I would like to practice logic thinking more. The sort of problems I'm talking about are like this:
Define two constraints, which relates the variables x and y to v such that if either x or y is 1 then v is forced to be 1.
Where the answer is then:
x ≤ v
y ≤ v
Does anybody know where I can...
Yeah but what if you suddenly get bad at playing Smash Bros. and no longer cna win tournament prizes, then you have no income and no education to rely on? Wouldn't it be more wise for girls to choose a guy that has a steady income? A guy who is actually smart?
My mom always used to tell me that girls are attracted to guys with a good education but now I'm thinking it was something she just told to get me to study. I've noticed that I have no more luck with girls than my friends who don't have an education past high school and that in many cases, guys...
Does the mass flow rate differ depending on whether it's after the feedwater heaters or before the turbines or is it just constant throughout the entire system?
Oh, I see. Actually when I looked at my notes I found a place where it says the change in pressure is zero. It's just a lot of information to keep up with. Thanks! :)
What I'm asking for is if there is a guide for the properties of processes like isochoric, isobaric, isothermal and adiabatic.
For instance, a comprehensive guide that tells me that the pressure in an isobaric expansion is the same before and after, etc.
If there isn't, does anybody have any...
Ahh, I mixed them up. Ok I changed the drawing so now d is the distance the mass moves up and x is the distance the roller moves down:
So I have:
h' = x * sin(theta)
And:
h = d * sin(beta)
And... I know that the distance that both the mass and roller travels are equal to each other:
x = d...
Alright let me see...
I drew this line in the drawing:
The number "2" on the left indicates the final position where the cylinder is when the box is at the top.
If we assume that "d" is the distance down the triangle that the cylinder rolls and if h' is the height of the potential energy for...
Homework Statement
A cylinder with mass M and radius R and moment of inertia I is standing on a rough surface (the left part of the triangle).
A box with mass m is standing on a smooth surface (right part of the triangle).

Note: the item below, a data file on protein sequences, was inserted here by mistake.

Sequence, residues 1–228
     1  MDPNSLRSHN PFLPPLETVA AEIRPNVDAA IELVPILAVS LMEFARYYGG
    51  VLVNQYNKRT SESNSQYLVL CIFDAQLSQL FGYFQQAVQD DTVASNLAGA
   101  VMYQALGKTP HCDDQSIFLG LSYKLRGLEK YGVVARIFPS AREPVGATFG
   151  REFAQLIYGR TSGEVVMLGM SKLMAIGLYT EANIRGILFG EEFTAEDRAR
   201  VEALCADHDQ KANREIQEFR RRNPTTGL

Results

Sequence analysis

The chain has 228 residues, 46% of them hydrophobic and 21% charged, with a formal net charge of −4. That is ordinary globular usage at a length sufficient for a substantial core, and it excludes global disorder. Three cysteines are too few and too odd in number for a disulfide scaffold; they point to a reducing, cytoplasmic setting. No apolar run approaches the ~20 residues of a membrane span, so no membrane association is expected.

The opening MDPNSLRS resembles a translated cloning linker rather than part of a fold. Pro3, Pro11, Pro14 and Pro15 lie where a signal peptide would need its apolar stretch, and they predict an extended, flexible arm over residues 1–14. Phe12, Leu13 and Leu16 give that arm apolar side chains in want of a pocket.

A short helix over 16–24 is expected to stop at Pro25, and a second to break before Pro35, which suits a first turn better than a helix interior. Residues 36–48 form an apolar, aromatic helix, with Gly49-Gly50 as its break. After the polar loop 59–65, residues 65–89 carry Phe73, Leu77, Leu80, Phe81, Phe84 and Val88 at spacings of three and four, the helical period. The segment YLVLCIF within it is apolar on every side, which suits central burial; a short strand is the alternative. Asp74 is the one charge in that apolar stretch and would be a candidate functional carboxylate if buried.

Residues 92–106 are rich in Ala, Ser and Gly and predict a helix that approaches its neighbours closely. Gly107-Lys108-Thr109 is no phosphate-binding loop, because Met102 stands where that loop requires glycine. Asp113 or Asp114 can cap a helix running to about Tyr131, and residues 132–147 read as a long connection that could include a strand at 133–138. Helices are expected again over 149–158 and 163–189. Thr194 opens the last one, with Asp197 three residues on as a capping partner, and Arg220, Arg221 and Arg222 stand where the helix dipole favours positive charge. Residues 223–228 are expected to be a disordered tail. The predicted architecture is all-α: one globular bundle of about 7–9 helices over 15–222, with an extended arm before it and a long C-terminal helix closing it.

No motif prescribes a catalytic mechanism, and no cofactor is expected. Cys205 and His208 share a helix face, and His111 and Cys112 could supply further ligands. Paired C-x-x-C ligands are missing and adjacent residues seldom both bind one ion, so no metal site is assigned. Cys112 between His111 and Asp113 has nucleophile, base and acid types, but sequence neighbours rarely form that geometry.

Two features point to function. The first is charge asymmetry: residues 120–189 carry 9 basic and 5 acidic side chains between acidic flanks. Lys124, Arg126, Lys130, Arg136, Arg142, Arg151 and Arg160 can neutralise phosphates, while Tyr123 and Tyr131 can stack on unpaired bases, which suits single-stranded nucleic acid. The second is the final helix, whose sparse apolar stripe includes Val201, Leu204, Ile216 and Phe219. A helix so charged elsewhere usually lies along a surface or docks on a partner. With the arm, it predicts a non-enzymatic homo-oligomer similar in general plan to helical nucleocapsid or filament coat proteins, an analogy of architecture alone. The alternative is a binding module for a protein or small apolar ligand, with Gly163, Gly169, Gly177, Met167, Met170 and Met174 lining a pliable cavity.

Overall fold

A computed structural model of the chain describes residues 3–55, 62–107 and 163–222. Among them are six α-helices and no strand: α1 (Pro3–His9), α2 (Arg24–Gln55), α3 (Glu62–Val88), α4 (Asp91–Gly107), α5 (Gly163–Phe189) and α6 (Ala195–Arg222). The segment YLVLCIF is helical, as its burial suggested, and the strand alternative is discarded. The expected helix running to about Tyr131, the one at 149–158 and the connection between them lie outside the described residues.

The cylinger and box is connected by a massless rope over a massless...
Oh I see. If the situation was where the wheel was standing at rest and didn't move then the friction force would be to the right to prevent it from rolling but since the wheel is rolling that means our friction force is to the left, correct?
Homework Statement
The following wheel consists of an outer ring (R) and an inner ring (r). The wheel moves clockwise by a force F applied to the inner ring as shown in the picture to make the wheel roll.
Draw the friction force.
Homework Equations
Nothing
The Attempt at a Solution
I could...
Homework Statement
Suppose an oxygen molecule traveling at the speed of 484 m/s bounces back and forth between opposite sides of a cubical vessel 0.1 m on a side. What is the average force the molecule exerts on one of the walls of the container?
Homework Equations
F=p/t
The Attempt at a...
Let's use the material brass as an example.
My problem is that I have no understanding of the concept of "phases". In the phase diagram for brass, we have α, β, γ, δ, ε, and η phases as well as the liquid phase (L).
My question is, how do I interpret these phases? What is the difference...
Homework Statement
A 3.5 kg block of cobber at 100 degrees celsius (373 K) is put in 0.8 kg water at 0 degrees celsius (273 K).
The equilibrium temperature is 30 degrees celsius (303 K).
Calculate the change of entropy for the system of cobber and water.
Homework Equations
ΔS=\frac{Q}{T}...
Imagine a rigid block of steel at 100 degrees celsius which is inserted into water at 0 degrees celsius. They then both get an equilibrium temperature.
How can I tell whether this is a reversible or irreversible process? What is the argumentation?
Homework Statement
A box that is open at the bottom is lowered into the sea (density like water). The outer volume of the box and the air inside it is V_{out}=3 m^3.
The moment the box touches the sea surface the air inside it gets trapped and has a volume at V_0=2.5 m^3 and a pressure at...
Oh yes, you're right. Then I get:
T=\frac{2\cdot 4190\cdot 20+2\cdot 910\cdot 600-2256000\cdot 2}{2\cdot 4190+2\cdot 910}=-319 °C